Hallowe’en: Celtic New Year
Ghouls and ghosties are the order of the night for Hallowe’en. Trick or treating, visiting neighbours – to leave a dare or receive a treasure – has become not just an American ritual, but one which has caught on in the Western World.
How many of our children know the origins of the celebration which fills their imaginations with scary images until they shake with glee or cry for consolation?
2000 years ago the Celtic year began at Samhain. And as the Celts calculated in moons, their ‘new year’ night was celebrated during the moon of 31 October – 1 November: what is now known worldwide as Hallowe’en. For all Celtic peoples – contemporary with the height of Roman civilization – Samhain was a time of deliberate misrule and contrariness, rather like the Roman Saturnalia which was celebrated at winter solstice, or if calculated in the Julian calendar, beginning December 17 and lasting for a period of six days.Saturnalia no longer has many followers, unless you count Scots Hogmanay (New Year, December 31st), when celebrations echo a nighttime element of misrule, rôle reversal, with servant placed in magisterial position and the master serving him – or in boarding schools, the reversal of master-pupil for a brief moment of glory.
Saturnalia did not otherwise survive 2000 years of change.
Hallowe’en, on the other hand, seems not only to have survived, but blossomed: its increasing popularity attributed perhaps to its ability to touch on the element of fire – candles flickering in lanterns – the dark, calculation by the moon, the unknown.
Celtic names Modern months Meaning
Samonios October/November Seed-fall
Dumannios November/December Darkest depths
Riuros December/January Cold-time
Anagantios January/February Stay-home time
Ogronios February/March Ice time
Cutios March/April Windy time
Giamonios April/May Shoots-show
Simivisonios May/June Bright time
Equos June/July Horse-time
Elembiuos July/August Claim-time
Edrinios August/September Arbitration-time
Cantlos September/October Song-time
In the earliest known Celtic calendar, the Coligny Calendar of 13 moons (months), now in the Palais des Arts in Lyon, Samhain was the fire-Festival of the Dead. It was a time when the veil between this world and the Otherworld was thought to be so thin that the dead could return to warm themselves at the hearths of the living, and some of the living – especially poets, artists, clairvoyants and shaman-healers – were able to enter the Otherworld through the doorways of the sidhe, or fairyfolk, such as the stone-lined entrance to the Celtic Hill of Tara in Ireland.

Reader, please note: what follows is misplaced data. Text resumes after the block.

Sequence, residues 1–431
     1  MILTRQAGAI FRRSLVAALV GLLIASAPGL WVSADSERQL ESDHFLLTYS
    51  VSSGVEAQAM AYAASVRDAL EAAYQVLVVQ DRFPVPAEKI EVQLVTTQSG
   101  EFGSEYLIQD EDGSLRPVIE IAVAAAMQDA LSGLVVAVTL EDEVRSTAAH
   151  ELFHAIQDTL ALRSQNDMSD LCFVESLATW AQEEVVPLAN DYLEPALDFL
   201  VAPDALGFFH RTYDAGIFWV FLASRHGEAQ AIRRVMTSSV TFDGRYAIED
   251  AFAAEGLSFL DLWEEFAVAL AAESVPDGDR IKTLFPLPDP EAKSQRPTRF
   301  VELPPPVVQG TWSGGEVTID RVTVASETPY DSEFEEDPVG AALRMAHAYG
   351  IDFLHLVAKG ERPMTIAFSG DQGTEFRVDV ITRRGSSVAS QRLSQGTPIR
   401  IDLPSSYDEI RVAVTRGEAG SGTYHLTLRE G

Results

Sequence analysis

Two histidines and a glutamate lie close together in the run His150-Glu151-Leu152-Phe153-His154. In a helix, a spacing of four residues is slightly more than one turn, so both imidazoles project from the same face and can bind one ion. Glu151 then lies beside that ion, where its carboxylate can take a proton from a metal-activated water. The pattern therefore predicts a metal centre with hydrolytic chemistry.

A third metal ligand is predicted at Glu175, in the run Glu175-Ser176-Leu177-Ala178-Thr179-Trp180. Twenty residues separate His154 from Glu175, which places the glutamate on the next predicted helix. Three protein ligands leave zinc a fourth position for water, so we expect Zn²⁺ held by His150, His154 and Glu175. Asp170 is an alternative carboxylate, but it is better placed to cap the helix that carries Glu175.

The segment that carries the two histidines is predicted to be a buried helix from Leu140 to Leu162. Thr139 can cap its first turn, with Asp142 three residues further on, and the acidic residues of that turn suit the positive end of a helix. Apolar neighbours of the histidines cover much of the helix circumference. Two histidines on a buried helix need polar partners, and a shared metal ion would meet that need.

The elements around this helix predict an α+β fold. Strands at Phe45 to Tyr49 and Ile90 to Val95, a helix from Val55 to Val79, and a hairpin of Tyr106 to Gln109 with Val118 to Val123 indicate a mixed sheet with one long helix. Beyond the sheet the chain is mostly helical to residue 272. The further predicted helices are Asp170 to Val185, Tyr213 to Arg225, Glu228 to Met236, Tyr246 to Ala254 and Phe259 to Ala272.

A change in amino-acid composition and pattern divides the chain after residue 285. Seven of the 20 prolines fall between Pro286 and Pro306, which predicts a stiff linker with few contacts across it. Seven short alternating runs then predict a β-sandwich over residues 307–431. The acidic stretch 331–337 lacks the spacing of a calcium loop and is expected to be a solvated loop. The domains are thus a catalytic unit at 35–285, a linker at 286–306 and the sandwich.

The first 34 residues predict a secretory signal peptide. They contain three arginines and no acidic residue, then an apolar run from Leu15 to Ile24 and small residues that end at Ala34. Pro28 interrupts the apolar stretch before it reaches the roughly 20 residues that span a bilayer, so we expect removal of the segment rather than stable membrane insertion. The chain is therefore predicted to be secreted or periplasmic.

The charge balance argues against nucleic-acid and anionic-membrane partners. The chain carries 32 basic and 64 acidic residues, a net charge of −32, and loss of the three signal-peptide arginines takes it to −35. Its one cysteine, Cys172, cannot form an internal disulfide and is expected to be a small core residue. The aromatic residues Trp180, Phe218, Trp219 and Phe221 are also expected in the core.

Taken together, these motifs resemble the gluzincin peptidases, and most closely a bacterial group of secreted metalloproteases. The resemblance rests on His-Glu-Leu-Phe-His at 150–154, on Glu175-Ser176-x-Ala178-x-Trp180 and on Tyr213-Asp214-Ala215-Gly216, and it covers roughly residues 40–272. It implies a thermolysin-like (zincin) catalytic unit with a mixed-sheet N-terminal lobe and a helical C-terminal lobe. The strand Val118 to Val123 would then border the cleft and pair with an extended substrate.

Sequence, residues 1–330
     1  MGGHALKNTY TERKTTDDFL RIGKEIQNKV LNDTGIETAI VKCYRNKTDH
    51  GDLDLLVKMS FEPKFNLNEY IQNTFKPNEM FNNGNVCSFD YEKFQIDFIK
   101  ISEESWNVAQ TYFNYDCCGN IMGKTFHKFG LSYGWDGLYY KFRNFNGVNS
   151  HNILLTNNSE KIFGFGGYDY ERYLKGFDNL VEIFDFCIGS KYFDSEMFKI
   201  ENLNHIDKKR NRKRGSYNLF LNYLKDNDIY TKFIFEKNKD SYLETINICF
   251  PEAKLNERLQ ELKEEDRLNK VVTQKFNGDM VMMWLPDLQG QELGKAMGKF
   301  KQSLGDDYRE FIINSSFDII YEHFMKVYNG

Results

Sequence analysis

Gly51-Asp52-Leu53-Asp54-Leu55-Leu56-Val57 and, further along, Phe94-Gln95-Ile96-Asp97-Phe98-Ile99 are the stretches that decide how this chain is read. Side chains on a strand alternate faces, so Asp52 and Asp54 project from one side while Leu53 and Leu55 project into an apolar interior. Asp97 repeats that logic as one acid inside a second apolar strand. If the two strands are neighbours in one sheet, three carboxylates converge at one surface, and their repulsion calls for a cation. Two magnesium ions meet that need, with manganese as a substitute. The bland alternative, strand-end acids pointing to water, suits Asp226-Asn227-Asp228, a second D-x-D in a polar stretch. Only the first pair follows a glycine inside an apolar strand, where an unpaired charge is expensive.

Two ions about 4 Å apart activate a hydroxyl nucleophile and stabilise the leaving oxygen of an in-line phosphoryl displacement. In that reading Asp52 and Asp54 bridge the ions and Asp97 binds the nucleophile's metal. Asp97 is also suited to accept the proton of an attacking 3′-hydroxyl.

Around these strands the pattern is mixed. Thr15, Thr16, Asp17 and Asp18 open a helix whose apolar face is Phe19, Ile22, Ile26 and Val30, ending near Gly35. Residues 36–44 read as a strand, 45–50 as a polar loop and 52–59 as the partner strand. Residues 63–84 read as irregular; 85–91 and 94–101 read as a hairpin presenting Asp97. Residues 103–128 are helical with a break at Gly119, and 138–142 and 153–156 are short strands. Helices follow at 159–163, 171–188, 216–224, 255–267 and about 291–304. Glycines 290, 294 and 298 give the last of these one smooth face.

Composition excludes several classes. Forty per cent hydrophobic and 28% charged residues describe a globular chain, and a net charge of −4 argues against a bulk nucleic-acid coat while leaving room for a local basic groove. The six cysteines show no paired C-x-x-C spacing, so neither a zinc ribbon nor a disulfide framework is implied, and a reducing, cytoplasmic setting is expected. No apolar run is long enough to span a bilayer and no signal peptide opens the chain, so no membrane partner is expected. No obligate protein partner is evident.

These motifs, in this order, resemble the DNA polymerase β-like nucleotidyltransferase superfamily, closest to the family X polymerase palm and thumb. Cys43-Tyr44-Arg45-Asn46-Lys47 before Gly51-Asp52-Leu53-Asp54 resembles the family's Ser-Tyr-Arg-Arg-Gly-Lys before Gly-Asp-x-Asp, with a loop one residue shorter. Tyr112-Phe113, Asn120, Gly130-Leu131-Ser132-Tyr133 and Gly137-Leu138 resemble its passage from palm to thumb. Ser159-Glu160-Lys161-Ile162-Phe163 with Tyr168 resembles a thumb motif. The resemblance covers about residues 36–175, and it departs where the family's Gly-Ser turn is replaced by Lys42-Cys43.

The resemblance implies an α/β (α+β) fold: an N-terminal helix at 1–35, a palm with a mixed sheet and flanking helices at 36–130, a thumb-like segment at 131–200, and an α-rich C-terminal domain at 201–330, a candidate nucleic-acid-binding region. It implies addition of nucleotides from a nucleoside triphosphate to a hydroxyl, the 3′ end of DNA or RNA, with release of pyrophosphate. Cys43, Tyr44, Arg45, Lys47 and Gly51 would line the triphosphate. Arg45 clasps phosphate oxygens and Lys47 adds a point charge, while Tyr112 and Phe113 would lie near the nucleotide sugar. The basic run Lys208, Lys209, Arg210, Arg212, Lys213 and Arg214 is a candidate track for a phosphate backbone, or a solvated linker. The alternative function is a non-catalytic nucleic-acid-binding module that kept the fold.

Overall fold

2000-year old Coligny calendrical calculations are quite complex and sophisticated, using a combination of moon and sun calculations which are obviously significant to the belief that the cycle of the moon ruled (and rules) people’s lives. The calendar dates from circa 1st century BC, and is made up of bronze fragments, once a single huge plate, inscribed with Latin characters, but written in the Gaulish language. It begins each month with the full moon, and covers a 30-year period of five cycles of 62 lunar months, with one of 61. It divides each month into fortnights (two-week periods) rather than single weeks, with individual days designated – from observation – as MAT (good) or ANM (not good). Each year is divided into thirteen (lunar) months.
The Christian Gregorian calendar never fully succeeded in spreading a veneer over its Celtic predecessor. It managed, however, to change the ancient festival of New Year – Samhain– from night to day, making the day of November 1st a celebration for All Saints, instead of the eerie ‘pagan’ concept of a nighttime fire-festival by moonlight the previous night. That was considered too ‘devilish’, rural or ‘ignorant’ to continue in an enlightened Christian world. But celebrate the country people continued to do.